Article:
Opinion: Boosting financial literacy in schools isn’t enough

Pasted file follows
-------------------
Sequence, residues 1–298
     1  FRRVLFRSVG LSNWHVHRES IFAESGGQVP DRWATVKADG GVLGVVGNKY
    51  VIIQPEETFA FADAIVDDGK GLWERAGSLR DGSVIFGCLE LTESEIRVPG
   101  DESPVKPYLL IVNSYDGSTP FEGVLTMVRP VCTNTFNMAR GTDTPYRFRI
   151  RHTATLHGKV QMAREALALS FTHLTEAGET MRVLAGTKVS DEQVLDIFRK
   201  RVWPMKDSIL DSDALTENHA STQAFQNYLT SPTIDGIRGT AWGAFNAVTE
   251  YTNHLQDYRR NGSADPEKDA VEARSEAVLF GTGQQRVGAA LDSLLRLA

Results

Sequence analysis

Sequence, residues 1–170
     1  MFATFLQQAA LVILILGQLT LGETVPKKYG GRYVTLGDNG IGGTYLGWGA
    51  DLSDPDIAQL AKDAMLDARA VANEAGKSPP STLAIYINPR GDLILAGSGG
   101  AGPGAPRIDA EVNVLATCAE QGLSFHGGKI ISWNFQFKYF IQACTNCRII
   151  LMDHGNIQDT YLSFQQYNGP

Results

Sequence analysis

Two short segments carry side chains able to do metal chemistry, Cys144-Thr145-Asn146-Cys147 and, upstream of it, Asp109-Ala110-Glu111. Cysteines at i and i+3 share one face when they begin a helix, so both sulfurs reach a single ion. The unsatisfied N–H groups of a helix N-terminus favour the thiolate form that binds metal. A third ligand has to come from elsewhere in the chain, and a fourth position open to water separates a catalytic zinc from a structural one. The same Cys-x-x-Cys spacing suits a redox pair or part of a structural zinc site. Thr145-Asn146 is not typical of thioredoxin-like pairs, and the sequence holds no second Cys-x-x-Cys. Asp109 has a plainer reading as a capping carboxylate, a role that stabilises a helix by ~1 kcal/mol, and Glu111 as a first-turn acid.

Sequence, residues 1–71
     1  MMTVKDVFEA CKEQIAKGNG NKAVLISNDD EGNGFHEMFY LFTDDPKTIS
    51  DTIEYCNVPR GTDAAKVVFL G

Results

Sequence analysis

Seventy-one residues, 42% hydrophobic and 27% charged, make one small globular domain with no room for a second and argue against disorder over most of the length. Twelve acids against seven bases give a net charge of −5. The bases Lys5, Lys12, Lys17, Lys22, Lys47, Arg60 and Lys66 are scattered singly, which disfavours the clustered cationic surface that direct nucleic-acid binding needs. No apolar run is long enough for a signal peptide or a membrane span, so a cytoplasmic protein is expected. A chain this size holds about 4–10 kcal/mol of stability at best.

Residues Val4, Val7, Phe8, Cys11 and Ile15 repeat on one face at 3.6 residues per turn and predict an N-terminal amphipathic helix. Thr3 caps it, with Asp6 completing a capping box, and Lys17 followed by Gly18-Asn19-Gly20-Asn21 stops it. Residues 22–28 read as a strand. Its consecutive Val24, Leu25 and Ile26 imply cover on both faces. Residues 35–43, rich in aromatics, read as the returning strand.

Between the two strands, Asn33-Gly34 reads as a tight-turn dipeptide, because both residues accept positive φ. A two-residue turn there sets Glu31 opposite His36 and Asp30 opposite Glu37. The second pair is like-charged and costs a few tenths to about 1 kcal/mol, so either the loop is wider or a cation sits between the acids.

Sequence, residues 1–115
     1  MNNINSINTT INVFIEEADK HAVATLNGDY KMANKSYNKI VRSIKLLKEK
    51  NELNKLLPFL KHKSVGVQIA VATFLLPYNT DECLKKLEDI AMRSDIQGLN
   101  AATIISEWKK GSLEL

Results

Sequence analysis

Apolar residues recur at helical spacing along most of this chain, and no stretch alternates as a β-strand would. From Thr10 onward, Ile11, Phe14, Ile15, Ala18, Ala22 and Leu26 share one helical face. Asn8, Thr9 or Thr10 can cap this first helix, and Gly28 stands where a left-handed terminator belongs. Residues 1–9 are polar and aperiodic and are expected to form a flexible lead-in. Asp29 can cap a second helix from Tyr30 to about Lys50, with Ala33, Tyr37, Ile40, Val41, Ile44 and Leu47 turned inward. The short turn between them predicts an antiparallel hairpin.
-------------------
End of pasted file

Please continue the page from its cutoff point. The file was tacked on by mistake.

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Melissa Leong is the author of the personal finance guide Happy Go Money When I was little, I learned about money through a shoebox. My father sealed a small, white box with tape, cut a slit into one side and scrawled my name on it in capital letters. It was our version of a piggy bank. Story continues below advertisement Money went in and it never came out. I have no idea how much I even accumulated because I never counted it. I just kept stuffing birthday and holiday gift money into it. And although at any time, I could’ve stuck my fingers in and fished out a $20 note, I never did because I was obsessed with cash staying inside the box. I suspect that, like me, many Canadians grew up with little to no formal financial education and figured it out, or fumbled, on their own, with a first job, a first credit card, etc. So, with Ontario introducing financial literacy at all levels of elementary school in its new math curriculum, it seems we should rejoice. After all, won’t financial education equip young people with the knowledge, skills and confidence to take charge of their money …

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